So I have a different approach. It’s kind of similar to what both my husband and President Obama have believed. Because if you try to invest in opportunities for everyone, that actually will produce more growth, and that is what Tim and I intend to do. And we’re also going to be on the side of American workers. Because the union movement in this country helped to build our middle class. And it is wrong to think that somehow suppressing wages, preventing people from having benefits that will make them feel secure, will somehow increase GDP. You heard Donald Trump. He stood on a debate stage in the Republican primary and said the problem in America was that wages were too high. And this is coming from someone who has done everything he can to avoid paying taxes, has not paid anything to support our military, our veterans, Pell Grants for students, our roads, education, health care, but instead claims that makes him smart.

Well, honestly, I don’t know how smart it is to lose a billion dollars running a casino. I’m still trying to get my head around that. I thought the house always won. But he won’t release his tax returns. He never intended to. And stop and ask yourself, wow, there must be something really, really bad in his tax returns. So we won’t really know what he’s ever, if anything, given to charity or how much money he’s really worth. And we won’t know how many business deals he has with foreign governments. And that sort of bothers me. Because when we have 17 American intelligence agencies, military and civilian alike, all saying that the Russians are behind all these hacks for the purpose of influencing our election, you got to ask yourself why would he believe the Russians instead of our own intelligence forces?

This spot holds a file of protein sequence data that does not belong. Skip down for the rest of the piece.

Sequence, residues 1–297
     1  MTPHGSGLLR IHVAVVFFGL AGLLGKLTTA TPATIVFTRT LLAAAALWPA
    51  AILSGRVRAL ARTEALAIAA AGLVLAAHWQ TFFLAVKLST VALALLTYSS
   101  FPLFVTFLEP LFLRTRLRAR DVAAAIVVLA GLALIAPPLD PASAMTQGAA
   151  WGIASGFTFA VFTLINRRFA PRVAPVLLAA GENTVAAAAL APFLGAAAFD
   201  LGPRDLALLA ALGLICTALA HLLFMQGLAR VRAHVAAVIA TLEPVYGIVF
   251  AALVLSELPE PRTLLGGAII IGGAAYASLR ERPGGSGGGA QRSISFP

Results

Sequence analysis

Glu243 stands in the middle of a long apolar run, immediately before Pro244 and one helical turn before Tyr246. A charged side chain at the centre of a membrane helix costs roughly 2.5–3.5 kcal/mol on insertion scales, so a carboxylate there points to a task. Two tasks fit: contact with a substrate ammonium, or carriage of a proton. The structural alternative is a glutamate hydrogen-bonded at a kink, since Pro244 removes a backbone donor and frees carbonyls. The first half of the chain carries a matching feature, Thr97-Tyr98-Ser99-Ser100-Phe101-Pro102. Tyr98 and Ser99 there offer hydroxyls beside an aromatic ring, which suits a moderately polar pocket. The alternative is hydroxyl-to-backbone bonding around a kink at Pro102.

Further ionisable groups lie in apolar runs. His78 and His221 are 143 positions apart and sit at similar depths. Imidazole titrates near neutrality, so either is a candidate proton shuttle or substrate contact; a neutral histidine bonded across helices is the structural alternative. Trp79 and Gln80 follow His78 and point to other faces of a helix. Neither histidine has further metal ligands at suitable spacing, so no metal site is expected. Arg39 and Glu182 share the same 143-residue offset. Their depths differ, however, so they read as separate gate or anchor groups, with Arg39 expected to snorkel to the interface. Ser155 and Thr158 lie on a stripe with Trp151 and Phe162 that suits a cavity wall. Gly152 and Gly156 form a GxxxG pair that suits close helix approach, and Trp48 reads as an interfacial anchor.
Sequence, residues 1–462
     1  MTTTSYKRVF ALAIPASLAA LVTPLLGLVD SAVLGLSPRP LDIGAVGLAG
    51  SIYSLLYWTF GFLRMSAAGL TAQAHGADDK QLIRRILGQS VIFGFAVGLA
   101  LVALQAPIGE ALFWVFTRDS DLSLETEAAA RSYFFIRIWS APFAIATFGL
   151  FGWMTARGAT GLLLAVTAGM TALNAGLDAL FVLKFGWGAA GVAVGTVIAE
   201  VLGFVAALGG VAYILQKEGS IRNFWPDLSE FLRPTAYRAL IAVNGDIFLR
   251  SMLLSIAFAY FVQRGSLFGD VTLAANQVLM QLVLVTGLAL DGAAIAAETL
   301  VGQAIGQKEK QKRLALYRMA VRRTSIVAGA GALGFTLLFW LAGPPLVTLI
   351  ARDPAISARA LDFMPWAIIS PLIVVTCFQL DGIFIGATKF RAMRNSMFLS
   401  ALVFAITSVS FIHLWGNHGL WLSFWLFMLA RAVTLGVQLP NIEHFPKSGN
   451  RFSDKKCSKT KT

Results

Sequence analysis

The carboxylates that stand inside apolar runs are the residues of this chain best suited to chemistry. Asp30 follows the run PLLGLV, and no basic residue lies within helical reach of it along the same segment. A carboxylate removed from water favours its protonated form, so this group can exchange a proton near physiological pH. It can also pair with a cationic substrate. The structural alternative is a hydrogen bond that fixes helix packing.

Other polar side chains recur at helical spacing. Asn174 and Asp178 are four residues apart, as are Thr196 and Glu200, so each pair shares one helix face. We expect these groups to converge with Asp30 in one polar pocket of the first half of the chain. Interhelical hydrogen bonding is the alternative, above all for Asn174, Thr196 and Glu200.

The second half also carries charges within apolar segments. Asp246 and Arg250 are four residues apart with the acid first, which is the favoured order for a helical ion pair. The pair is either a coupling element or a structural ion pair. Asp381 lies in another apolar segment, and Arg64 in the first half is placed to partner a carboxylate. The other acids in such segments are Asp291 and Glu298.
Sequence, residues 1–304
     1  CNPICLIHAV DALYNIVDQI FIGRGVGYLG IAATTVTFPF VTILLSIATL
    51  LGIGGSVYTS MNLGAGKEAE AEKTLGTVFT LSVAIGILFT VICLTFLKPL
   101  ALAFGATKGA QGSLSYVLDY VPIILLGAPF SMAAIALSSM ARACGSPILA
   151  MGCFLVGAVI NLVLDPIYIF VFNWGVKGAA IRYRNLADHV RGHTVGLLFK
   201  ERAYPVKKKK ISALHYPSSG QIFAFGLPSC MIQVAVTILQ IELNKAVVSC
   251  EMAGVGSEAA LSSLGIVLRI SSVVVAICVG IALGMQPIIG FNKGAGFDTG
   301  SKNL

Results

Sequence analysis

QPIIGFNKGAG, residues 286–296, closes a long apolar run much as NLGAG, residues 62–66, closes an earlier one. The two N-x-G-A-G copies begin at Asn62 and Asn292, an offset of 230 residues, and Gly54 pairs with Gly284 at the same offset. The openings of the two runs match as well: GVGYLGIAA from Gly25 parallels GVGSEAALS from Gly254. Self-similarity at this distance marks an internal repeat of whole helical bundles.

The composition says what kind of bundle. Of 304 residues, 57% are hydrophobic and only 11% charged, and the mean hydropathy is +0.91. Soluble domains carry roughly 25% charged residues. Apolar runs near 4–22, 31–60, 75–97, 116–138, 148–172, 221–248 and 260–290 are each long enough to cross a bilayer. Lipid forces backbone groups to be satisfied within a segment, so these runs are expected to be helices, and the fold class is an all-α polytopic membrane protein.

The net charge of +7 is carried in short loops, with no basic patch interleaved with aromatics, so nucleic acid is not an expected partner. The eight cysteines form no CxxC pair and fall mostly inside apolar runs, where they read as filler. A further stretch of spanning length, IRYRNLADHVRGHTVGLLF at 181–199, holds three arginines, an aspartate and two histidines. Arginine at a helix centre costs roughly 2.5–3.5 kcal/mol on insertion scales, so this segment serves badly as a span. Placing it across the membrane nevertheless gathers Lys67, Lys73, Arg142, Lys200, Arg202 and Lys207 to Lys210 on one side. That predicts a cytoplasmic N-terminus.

So here’s what we’re going to do. We’re going to make the biggest investment in new jobs since World War II – infrastructure jobs, advanced manufacturing, technology, innovation, research, clean energy jobs. That one is especially important to us because some country is going to be the clean energy superpower of the 21st century. It’ll probably be Germany, China, or us. Let’s make it us!

It is absolutely possible for us to do this. I am tired of all this talk that you hear from Trump and his supporters that really is always just denigrating America. Ah, come on. Give me a break. This country has created more economic opportunity for anybody in the history of the world. We’ve just got to get it spun up again, get it moving again, creating entrepreneurial opportunities, particularly for young people.

And I also believe strongly that our education system has to work for everybody, not just some of us. So let’s start with universal prekindergarten so every kid has a chance to get ready for school. And let’s make sure every child has a good school with good teachers no matter what ZIP Code that child lives in. And let’s do more to support teachers and provide them with the kind of support they need to do the most important kind of job there is.